Under development at Innate Immunotherapeutics is a special drug candidate to treat secondary progressive multiple sclerosis (SPMS). Currently, no viable therapies exist for SPMS — only less-effective means to treat SPMS patients through drugs designed for relapse-remitting multiple sclerosis — making the prospect of Innate’s experimental SPMS therapy a promising one for progressive multiple sclerosis patients. So far, one completed phase 1 /2 clinical trial investigated the company’s drug, known as MIS416, in patients with SPMS or primary progressive multiple sclerosis (PPMS), and another phase 2B clinical trial is recruiting patients with SPMS in Australia.
As described by Innate Immunotherapeutics’ web page dedicated to MIS416, treatment stimulates signal transduction pathways in myeloid cells central to innate immune responses. According to Chief Executive Officer of Innate Immunotherapeutics, Simon Wilkinson, MIS416 is the only known drug candidate that targets and amplifies regulatory myeloid cell activities.
MIS416 comprises approximately 0.5 x 2.0 microns in size, containing naturally occurring proteins found in the body: TLR-9 and NOD-2 ligands. These particles target naturally anti-inflammatory myeloid cells, which are critical cells allowing the immune system to maintain homeostasis and initiate tissue repair pathways crucial to preventing deterioration in SPMS. A key feature of MIS416 is its specificity of activation, as cell activation occurs only when the microparticles are internalized and degraded within the cell to release the ligands. This is likely to be one of the reasons that trial outcomes to date have demonstrated a good safety profile for MIS416.
The idea for MIS416 was first imagined by Dr. Frank Gelder in the mid-1990s while working at Louisiana State University. MIS416 was part of his program initiated to develop passive immunotherapeutics to treat late-stage AIDS patients. Existing adjuvant therapeutics were not potent enough, and he wanted to create a microparticle-based adjuvant onto which he could attach anti-HIV antigens.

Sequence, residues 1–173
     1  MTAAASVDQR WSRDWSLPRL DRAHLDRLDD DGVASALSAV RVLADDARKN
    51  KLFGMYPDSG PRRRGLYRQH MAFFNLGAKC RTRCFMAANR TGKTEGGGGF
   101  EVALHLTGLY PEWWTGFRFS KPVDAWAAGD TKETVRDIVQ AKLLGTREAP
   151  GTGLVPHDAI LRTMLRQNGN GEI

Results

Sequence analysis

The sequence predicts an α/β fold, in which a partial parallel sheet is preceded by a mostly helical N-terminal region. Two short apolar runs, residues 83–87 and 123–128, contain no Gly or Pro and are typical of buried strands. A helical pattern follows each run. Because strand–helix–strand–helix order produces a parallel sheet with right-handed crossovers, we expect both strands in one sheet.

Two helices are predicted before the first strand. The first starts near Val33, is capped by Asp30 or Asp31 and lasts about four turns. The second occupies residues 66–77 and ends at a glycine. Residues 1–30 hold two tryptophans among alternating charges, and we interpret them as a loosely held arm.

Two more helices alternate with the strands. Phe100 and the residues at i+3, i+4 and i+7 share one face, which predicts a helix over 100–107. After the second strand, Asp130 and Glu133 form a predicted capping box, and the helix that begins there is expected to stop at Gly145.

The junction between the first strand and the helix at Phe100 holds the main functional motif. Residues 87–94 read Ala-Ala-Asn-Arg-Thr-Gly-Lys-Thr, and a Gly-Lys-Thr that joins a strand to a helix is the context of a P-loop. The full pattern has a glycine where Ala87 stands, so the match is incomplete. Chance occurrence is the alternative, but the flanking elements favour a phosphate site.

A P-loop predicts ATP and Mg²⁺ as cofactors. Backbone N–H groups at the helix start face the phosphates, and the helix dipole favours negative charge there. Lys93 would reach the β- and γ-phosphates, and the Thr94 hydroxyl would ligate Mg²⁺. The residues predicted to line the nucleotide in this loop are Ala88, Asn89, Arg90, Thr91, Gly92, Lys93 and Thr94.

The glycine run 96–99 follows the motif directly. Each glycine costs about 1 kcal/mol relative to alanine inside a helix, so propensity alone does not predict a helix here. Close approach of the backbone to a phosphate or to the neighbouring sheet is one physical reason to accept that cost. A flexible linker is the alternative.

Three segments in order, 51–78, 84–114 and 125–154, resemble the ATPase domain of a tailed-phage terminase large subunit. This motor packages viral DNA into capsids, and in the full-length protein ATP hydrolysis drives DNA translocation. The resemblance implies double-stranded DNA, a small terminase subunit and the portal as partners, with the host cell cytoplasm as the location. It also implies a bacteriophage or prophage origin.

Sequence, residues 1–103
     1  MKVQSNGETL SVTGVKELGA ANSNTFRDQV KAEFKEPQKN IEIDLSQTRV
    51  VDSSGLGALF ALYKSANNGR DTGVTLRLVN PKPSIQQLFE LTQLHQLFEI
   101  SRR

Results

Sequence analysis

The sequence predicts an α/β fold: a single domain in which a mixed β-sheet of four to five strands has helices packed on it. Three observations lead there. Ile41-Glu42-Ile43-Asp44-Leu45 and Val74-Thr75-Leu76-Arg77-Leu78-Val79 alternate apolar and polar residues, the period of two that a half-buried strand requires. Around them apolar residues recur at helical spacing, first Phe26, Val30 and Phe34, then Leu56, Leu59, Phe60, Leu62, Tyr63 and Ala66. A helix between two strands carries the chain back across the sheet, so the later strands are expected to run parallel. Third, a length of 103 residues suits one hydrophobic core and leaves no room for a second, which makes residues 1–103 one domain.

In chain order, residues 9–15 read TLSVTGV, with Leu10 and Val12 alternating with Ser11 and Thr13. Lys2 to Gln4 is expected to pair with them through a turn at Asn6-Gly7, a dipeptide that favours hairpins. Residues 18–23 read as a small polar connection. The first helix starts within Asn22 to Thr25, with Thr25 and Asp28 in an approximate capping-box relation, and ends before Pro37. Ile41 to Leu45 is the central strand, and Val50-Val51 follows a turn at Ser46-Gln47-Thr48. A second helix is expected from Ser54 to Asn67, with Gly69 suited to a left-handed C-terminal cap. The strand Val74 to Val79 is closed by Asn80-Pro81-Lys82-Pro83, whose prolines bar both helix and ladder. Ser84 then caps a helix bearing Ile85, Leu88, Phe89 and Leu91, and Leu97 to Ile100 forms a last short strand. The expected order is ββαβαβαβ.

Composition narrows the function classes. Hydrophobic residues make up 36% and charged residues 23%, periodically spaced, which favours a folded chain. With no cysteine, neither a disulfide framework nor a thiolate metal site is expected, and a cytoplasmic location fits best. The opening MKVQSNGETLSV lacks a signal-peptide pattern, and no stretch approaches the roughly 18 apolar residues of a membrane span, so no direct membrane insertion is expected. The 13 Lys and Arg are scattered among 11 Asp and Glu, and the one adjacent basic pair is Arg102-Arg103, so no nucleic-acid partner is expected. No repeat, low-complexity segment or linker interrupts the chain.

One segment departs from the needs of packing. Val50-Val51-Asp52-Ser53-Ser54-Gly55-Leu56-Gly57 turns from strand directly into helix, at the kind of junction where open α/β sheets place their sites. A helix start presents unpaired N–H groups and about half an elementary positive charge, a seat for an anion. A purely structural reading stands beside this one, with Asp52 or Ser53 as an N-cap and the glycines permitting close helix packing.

Dr. Gelder left LSU in the late 1990s and formed Virionyx Corporation (now Innate Immunotherapeutics) together with the late Dr. Wayne Watkins in New Zealand. The two initially focused on developing the anti-HIV therapy, but eventually halted the program after two new classes of antiretroviral drugs made passive immunotherapeutics non-commercializable in the HIV market.
When Innate Immunotherapeutics employed Dr. Gill Webster as the Company’s new Chief Scientific Officer in 2005, work began to evaluate the microparticle platform as a standalone agent to systemically modulate immune regulatory functions. Preclinical work indicated MIS416 could be important in remodeling deregulated immune activity for autoimmune disease treatment.
When studied in preclinical animal models, MIS416 twice weekly for four weeks or once weekly for 26 weeks was well tolerated. According to the company’s website, these doses are up to 20 times the intended dose for humans, and no side effects were explicitly adverse and occurred as a result of extended pharmacological effects.
Positive improvements in the patient’s health included reduced fatigue and body pain, improvement in core body strength, the ability to stand again, and return of arm and hand function, although the patient was not able to walk. Nonetheless, these improvements were enough to elicit treatment of another few SPMS patients for six to twelve months on compassionate grounds.
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